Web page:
중앙데일리

Chinese envoy may visit North early next week

Feb 06,2010
In this file photo, Wang Jiarui, left, shakes hands with North Korean leader Kim Jong-il, right, on Jan. 23, 2009. [YONHAP]
A key Chinese Communist Party official is rumored to be headed to North Korea, where he is expected to urge the North to return to the stalled six-party nuclear disarmament talks.

Diplomatic sources said yesterday that Wang Jiarui, director of the international liaison department at the Central Committee of the Chinese Communist Party, will visit Pyongyang early next week.

“Wang’s trip would be a part of the annual exchange between China and North Korea,” one source said. “But this time, Wang could create important breakthroughs on the six-party talks.”

China is the chair nation of the six-party discussions, which involve South Korea, North Korea, the United States, Russia and Japan. The talks were last staged in December 2008. In response to international condemnation following the North’s long-range rocket launch in April last year, North Korea vowed it would never again take part in the talks.

It has since sent mixed signals: The North once expressed willingness to return to the multilateral dialogue, but later said that would depend on the progress of its bilateral talks with the United States. The North has also asked that United Nations sanctions be lifted before the six-party sessions resume.

The Foreign Ministry in Seoul kept mum about the speculation. An official said nothing has been confirmed about Wang’s trip, but added, “We’re keeping a close eye on this development because Wang has traveled to North Korea in the past.”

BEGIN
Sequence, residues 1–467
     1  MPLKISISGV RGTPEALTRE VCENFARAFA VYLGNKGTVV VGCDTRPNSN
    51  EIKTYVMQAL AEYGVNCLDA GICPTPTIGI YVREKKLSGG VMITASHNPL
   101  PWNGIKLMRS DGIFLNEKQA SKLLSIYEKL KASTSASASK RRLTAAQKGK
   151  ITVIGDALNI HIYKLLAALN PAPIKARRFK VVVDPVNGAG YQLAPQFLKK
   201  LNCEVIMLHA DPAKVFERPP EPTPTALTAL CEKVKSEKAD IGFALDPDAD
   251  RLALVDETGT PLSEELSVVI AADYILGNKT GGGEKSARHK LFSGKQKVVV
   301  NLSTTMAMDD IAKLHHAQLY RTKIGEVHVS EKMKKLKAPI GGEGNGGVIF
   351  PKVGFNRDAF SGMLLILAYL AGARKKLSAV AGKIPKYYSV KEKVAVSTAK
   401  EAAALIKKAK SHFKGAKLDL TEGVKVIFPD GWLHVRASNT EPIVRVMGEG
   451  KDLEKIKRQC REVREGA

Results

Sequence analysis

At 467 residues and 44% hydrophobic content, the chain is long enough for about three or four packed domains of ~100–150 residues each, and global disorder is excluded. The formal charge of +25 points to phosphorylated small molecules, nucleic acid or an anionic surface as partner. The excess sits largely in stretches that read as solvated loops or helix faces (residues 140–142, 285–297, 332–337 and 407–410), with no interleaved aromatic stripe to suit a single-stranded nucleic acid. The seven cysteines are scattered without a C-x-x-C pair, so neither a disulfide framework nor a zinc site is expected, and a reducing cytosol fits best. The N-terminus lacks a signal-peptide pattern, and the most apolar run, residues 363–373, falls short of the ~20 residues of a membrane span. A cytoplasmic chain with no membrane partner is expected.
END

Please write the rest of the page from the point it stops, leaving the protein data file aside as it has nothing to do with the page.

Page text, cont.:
North Korea has bristled at others’ prodding for a return to the six-party table but has been more receptive to China.

Last September, North Korean leader Kim Jong-il told the Chinese presidential envoy Dai Bingguo that the North would be “willing to resolve the relevant [nuclear] problems through bilateral and multilateral talks.” It was the first shift of the North’s stance since April.

The North reiterated that willingness in October, when Chinese Premier Wen Jiabao visited Pyongyang to observe the 60th anniversary of diplomatic relations between the two countries.

If he does go, Wang is expected to meet Kim and deliver a letter from Chinese President Hu Jintao.

Wang, 60, joined the Communist Party in 1973. He has also served as vice mayor and mayor of Qingdao City, a major industrial city in the east.

He was named the vice minister of the international liaison department in 2000. His first trip to Pyongyang came in February 2001, just before Kim Jong-il’s birthday.

After being promoted to international affairs chief in 2003, Wang visited Kim in 2004, 2005, 2008 and 2009, each time taking with him messages from Hu.

Soon after North Korea declared itself a de facto nuclear-power state in February 2005, Wang delivered an oral message from Hu to Kim urging the latter to return to the six-party talks. The January 2009 visit made Wang the first foreign official to meet Kim after the North Korean leader’s stroke in August 2008.

Wang’s scheduled visit to Pyongyang last summer was abruptly canceled as China joined the rest of the international community in condemning the North’s nuclear test in May.


By Yoo Jee-ho, Kang Chan-ho [jeeho@joongang.co.kr]



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